Cerebral palsy (CP) refers to a group of neurological disorders that arise in infancy or early childhood due to abnormal brain development or brain damage.

Symptoms of CP include neurological, motor, and secondary problems such as stunted growth, sleep disorders, and contractures. Most symptoms can be managed with appropriate accommodations and symptomatic treatments.

Lifestyle changes

Depending on the progression of symptoms, several lifestyle changes can be made to overcome the limitations of CP. These include:

Mobility

Low muscle tone, muscle spasms, and poor reflexes are common symptoms in children with CP. These symptoms progress with age so they require intervention to prevent decreased mobility from affecting quality of life.

Assistive devices such as wheelchairs, walker canes, and similar equipment can help with mobility. In some cases, surgery may be required to improve mobility.

Communication

Dysarthria, or weak speech muscles, is common among children with CP and can impair communication. A speech-language pathologist (SLP) can help improve speech, communication, and feeding.

Augmentative and alternative communication using gestures, body language, or assistive equipment, such as communication boards or computers, can be helpful for children who are unable to talk.

Feeding

Children with CP commonly experience dysphagia (swallowing difficulties) and are at a higher risk of aspiration (ingesting food into the lungs) during oral feeding. This causes considerable stress during feeding and can affect nutritional intake. An SLP can guide parents and caregivers towards the best feeding practices for their child.

A dietitian can also help CP children with their unique dietary needs to ensure enough nutrient intake for proper brain function. Food texture may also have to be modified to make it easier to swallow.

Sleeping

Getting proper sleep can be a major challenge for children with CP. A healthy diet combined with a good amount of physical exercise, and a calm atmosphere during bedtime can help children to get proper sleep. A physiotherapist can help find the best sleeping position to minimize pain and discomfort.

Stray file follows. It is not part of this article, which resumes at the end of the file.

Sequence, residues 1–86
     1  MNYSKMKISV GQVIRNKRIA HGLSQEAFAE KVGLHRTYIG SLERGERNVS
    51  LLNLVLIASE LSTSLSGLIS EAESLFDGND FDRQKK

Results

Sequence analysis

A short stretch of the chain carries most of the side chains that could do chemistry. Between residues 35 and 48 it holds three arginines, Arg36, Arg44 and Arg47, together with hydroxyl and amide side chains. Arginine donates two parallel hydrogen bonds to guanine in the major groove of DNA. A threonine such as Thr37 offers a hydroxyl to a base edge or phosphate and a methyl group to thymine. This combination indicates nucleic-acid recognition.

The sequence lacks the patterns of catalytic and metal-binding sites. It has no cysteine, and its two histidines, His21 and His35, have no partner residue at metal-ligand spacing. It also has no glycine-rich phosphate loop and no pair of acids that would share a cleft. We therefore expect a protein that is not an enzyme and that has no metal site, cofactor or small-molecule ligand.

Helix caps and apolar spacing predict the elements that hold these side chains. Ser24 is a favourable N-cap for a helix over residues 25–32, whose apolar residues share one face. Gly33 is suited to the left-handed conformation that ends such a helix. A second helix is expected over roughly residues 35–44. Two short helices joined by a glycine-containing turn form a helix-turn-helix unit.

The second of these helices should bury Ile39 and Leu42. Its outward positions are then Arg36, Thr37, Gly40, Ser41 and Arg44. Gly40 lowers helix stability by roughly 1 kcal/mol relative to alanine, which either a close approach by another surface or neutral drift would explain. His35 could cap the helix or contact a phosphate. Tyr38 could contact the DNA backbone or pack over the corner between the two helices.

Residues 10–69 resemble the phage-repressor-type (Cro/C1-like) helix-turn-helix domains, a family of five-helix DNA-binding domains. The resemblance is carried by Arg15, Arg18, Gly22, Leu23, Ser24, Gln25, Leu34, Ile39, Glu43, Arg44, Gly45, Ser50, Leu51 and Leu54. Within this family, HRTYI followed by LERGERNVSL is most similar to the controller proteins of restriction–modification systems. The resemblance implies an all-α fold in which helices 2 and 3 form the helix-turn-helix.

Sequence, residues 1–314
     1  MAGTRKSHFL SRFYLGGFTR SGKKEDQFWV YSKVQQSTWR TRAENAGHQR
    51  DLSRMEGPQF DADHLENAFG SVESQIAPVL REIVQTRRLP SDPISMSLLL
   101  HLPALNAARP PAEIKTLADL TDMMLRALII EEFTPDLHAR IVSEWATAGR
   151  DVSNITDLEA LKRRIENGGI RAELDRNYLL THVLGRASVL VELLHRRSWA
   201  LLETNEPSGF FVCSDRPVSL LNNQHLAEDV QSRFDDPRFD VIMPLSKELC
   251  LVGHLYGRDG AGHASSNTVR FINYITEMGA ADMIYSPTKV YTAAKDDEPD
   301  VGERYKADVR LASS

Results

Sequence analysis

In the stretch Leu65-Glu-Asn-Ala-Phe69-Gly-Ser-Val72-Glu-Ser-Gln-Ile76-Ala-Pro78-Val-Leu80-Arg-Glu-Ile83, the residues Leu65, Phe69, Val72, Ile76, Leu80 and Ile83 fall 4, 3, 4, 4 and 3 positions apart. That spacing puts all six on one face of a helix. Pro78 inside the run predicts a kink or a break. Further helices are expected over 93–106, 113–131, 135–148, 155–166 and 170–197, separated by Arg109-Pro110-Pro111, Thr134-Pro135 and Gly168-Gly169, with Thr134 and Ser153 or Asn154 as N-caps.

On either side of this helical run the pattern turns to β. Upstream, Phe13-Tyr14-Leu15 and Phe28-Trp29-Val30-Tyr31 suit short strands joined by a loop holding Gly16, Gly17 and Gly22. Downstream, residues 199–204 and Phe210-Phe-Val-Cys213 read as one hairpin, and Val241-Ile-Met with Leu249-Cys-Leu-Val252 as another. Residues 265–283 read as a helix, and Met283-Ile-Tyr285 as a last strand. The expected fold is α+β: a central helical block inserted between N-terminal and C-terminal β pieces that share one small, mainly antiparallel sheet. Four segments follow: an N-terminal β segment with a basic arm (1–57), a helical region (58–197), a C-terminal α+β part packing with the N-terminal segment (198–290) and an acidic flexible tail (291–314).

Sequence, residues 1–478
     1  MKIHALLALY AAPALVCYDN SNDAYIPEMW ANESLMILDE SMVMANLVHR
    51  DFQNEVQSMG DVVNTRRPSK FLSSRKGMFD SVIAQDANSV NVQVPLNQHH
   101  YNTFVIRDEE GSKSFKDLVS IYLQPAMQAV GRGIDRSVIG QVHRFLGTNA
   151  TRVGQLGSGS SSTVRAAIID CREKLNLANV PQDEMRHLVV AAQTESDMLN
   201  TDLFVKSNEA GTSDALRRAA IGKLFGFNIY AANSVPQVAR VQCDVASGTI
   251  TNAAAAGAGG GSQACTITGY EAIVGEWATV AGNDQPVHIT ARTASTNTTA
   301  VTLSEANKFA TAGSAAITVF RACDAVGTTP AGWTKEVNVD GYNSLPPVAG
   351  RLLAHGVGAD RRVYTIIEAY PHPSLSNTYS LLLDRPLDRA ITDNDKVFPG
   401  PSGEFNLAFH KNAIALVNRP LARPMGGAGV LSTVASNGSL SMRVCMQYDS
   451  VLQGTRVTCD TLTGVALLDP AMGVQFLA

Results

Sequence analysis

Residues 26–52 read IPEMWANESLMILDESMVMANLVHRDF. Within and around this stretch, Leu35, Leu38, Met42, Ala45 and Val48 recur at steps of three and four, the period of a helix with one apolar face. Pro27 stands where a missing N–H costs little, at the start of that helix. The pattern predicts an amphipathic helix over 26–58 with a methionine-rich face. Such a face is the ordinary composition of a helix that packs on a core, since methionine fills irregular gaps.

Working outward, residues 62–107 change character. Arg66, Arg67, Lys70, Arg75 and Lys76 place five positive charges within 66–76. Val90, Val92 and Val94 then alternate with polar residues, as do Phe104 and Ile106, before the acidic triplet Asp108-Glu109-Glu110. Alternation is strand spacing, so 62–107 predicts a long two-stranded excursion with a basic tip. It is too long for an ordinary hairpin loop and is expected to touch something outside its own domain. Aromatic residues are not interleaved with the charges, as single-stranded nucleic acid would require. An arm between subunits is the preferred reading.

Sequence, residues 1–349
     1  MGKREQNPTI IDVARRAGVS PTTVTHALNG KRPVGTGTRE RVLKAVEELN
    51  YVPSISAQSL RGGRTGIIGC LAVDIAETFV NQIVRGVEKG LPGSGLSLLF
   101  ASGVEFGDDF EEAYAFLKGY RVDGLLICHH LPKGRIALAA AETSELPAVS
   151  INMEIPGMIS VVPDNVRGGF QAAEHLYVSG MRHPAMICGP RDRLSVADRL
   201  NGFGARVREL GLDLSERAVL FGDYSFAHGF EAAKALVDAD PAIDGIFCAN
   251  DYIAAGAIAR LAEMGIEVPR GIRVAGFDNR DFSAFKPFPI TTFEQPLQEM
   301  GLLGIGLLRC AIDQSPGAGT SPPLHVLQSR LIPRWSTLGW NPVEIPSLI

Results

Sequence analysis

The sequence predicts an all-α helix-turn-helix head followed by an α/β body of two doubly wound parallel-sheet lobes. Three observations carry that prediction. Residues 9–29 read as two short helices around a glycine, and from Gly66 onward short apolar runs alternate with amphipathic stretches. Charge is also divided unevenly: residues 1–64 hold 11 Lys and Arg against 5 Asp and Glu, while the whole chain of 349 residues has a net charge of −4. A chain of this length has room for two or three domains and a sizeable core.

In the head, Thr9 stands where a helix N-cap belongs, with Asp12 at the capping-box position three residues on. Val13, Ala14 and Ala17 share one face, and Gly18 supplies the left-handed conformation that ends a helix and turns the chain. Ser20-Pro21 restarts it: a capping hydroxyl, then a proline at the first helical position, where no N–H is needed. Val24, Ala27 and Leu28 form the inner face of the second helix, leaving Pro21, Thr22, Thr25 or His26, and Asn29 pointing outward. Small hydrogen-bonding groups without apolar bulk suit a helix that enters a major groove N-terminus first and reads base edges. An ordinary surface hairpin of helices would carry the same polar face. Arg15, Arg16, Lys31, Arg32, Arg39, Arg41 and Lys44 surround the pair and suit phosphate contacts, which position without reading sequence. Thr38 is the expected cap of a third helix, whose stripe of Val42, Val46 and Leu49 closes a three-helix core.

Education

Children with CP may feel excluded from various activities and educational opportunities at school. To facilitate more inclusion, parents should let the school know of their child’s disability so the school can develop an individualized education plan for specialized instruction, accommodations, and other interventions as needed.

Adults with CP

Transitioning to adulthood can be difficult for children with CP but it can be managed well if they learn to become independent at an early age. Young adults may opt for schools that provide vocational education and job training to those with disabilities so that they can gain life skills and work towards achieving financial security.

Adults with CP can seek community support, apply for supplemental social security insurance, and get government assistance for nutrition, temporary cash, and more.

As is the case for all people, adopting and maintaining healthy habits and good fitness can help to improve the quality of life for those with CP.

 

Last updated: Mar. 2, 2020

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Cerebral Palsy News Today is strictly a news and information website about the disease. It does not provide medical advice, diagnosis, or treatment. This content is not intended to be a substitute for professional medical advice, diagnosis, or treatment. Always seek the advice of your physician or other qualified health provider with any questions you may have regarding a medical condition. Never disregard professional medical advice or delay in seeking it because of something you have read on this website.

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Özge has a MSc. in Molecular Genetics from the University of Leicester and a PhD in Developmental Biology from Queen Mary University of London. She worked as a Post-doctoral Research Associate at the University of Leicester for six years in the field of Behavioural Neurology before moving into science communication. She worked as the Research Communication Officer at a London based charity for almost two years.